Sent: 15 August 2016 11:55 

Professor Hardaker,

I wonder if you could help, please. I am writing to you in your capacity as Chairman of the Board of Trustees of Sense About Science (SAS).

I am trying to clarify SAS's position regarding the PACE trial, in particular concerning the analysis done by the trial Principal Investigators (PI) and their refusal to release the trial data. SAS say that they want to 'make a fuss' when something is wrong. A number of independent statisticians and scientists have said that the analyses done by the PACE PIs are wrong. The PIs claim they are restrained by the Data Protection Act (DPA). SAS have publicly supported data-sharing and this interpretation of the DPA could have a stifling effect on all research involving human subjects. 

I have sent an email a couple of times to enquiries@senseaboutscience.org and received the automated response confirming receipt. I have also sent a letter to Tracey Brown. I have not had any reply.

I enclose a copy of the letter below.

I would be grateful if you could forward my email to someone who will reply.

Thank you for your help,

John Peters.





Dear Ms. Brown,

I wonder if you would please help me with a number of points concerning Sense About Science and the PACE trial.

First, an article by director of stats.org, Rebecca Goldin, concludes ' the flaws in this design were enough to doom [PACE's] results from the start'. An accompanying editorial by Trevor Butterworth, of Sense About Science USA, finds 'the way PACE was designed and redesigned means it cannot provide reliable answers to the questions it asked'. Does Sense About Science accept the criticism by Goldin as valid? Does Sense About Science agree with the editorial by the organization described as its 'sister', Sense About Science USA? If not, could you say why not, please.

Second, despite these criticisms of the trial from neutral parties, Sense About Science has not made any statement or alerted the media to the trial flaws, to make a fuss about something considered wrong by so many scientists and statisticians. Could you say why not, please? Will you do so?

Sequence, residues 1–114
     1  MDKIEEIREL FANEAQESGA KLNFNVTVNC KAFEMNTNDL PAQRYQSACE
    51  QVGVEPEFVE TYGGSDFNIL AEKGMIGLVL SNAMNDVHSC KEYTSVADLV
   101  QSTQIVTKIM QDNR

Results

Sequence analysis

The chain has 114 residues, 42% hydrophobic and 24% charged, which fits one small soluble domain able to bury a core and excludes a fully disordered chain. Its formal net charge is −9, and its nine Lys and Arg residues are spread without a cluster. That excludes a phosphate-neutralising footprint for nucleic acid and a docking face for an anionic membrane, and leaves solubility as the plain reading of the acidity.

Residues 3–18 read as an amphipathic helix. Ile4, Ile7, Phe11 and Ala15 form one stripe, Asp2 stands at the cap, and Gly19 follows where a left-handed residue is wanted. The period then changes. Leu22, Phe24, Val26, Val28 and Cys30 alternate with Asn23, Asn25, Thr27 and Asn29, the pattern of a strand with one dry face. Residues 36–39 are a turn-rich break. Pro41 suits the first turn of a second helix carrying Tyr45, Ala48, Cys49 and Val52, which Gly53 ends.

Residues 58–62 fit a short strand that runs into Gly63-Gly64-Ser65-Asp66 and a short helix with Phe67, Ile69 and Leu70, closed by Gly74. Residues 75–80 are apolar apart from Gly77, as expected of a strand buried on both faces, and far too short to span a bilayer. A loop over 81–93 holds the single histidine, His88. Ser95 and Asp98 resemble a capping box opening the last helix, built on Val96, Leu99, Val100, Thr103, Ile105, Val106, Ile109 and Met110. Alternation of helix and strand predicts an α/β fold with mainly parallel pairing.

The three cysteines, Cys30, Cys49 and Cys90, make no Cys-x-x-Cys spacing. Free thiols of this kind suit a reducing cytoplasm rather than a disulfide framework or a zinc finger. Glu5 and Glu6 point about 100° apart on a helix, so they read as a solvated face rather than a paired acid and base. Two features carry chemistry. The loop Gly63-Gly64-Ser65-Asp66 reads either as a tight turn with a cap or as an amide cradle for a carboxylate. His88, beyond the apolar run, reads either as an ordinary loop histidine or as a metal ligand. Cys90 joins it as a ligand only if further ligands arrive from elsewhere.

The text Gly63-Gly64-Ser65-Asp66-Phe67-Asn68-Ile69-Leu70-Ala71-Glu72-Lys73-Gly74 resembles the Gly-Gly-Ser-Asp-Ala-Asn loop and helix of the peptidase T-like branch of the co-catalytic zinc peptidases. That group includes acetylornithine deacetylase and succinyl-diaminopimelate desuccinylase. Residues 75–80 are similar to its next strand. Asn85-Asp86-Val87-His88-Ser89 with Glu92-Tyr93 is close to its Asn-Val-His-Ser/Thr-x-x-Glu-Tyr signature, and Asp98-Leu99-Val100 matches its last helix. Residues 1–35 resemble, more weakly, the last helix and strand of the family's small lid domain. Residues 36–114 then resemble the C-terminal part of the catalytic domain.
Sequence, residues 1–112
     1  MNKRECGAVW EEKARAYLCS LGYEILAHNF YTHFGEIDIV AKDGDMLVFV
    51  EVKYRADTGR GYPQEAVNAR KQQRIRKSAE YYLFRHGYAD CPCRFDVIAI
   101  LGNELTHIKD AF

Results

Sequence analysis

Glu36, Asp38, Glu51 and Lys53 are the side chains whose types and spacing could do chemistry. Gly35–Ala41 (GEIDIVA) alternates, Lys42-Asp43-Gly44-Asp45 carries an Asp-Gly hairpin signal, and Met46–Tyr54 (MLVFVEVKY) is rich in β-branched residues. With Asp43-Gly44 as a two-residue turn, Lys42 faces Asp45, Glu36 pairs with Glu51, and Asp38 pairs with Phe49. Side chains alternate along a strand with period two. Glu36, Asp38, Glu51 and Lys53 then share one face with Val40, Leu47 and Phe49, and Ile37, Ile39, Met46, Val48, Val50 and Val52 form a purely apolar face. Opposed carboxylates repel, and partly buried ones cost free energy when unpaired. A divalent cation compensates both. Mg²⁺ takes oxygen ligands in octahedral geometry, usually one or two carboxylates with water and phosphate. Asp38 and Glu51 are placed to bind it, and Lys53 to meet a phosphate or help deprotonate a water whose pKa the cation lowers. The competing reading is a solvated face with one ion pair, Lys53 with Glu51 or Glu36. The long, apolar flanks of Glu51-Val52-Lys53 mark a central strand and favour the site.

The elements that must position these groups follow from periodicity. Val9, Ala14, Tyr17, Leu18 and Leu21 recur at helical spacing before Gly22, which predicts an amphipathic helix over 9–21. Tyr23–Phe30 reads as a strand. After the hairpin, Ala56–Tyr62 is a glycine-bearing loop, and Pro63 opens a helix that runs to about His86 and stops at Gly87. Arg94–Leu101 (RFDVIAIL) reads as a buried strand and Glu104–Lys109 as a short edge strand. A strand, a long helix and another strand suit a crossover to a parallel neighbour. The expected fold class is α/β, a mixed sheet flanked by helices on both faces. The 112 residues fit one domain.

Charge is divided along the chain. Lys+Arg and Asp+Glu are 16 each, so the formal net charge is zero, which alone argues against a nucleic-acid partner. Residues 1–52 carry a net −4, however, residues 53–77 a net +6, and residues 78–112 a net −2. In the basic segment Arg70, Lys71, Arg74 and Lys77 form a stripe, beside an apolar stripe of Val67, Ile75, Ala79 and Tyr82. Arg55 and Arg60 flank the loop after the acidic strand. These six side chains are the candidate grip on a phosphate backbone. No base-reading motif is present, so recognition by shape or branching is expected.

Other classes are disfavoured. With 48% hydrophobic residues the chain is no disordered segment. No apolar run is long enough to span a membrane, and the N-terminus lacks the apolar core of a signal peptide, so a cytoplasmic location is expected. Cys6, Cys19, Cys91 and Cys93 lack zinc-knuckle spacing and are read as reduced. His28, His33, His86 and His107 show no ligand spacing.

Third, in discussion of the stats.org articles on Twitter, you said that PACE and the follow-up studies continued to have the support of Sense About Science and All Trials, because the trial results had been made available. Could you please therefore tell me where I can find the following results:
1. The fitness/conditioning, 'step', tests (a graph was included in the trial paper, but not the underlying results).
2. SF-36 physical function scores (range 0-100 points) [baseline and 52-week followup].
3. CFQ fatigue Likert scores (range 0-33 points) [baseline and 52-week followup].
4. CFQ fatigue bimodal scores (range 0-11 points) [baseline and 52-week followup].
5. Oxford criteria CFS caseness (does participant meet criteria, yes or no) [52-week followup only].
6. Participant-rated CGI scores (range 1-7) [52-week followup only].
7. Doctor-rated CGI scores (range 1-7) [52-week followup only].
8. 6MWT walking distances (in meters) [baseline and 52-week followup].
If these results are not available, will Sense About Science and All Trials call on the PACE trial Principal Investigators to release them? If not, could you say why not, please?

Fourth, the PACE trial PIs continue to refuse to release data. They accept that requests made by some at least, such as James Coyne, are not vexatious. They allow that the data can be anonymized. They argue, however, that they are unable to make the data available because of the Data Protection Act (DPA). As I'm sure you are aware, if this interpretation of the DPA is established, then a precedent will have been set for all trials involving human subjects. Does Sense About Science agree with this interpretation of the DPA? Does Sense About Science support the trial PIs in their use of the Act to block sharing of data?

Fifth, in October last year you gave Michael Sharpe the opportunity to claim on your website that 'the benefit of these treatments is still apparent two years later'. Since then, the trial itself and the follow-up study on which Sharpe bases his claim have been criticized by many, including, for example, Rebecca Goldin, Trevor Butterworth, James Coyne and Keith Laws. Sharpe's column remains unchallenged. In order to make sense of the evidence and to safeguard sound science and in the interests of scientific inquiry, will you agree to carry an article by James Coyne addressing the flaws in the trial and the need for caution regarding Sharpe's conclusions?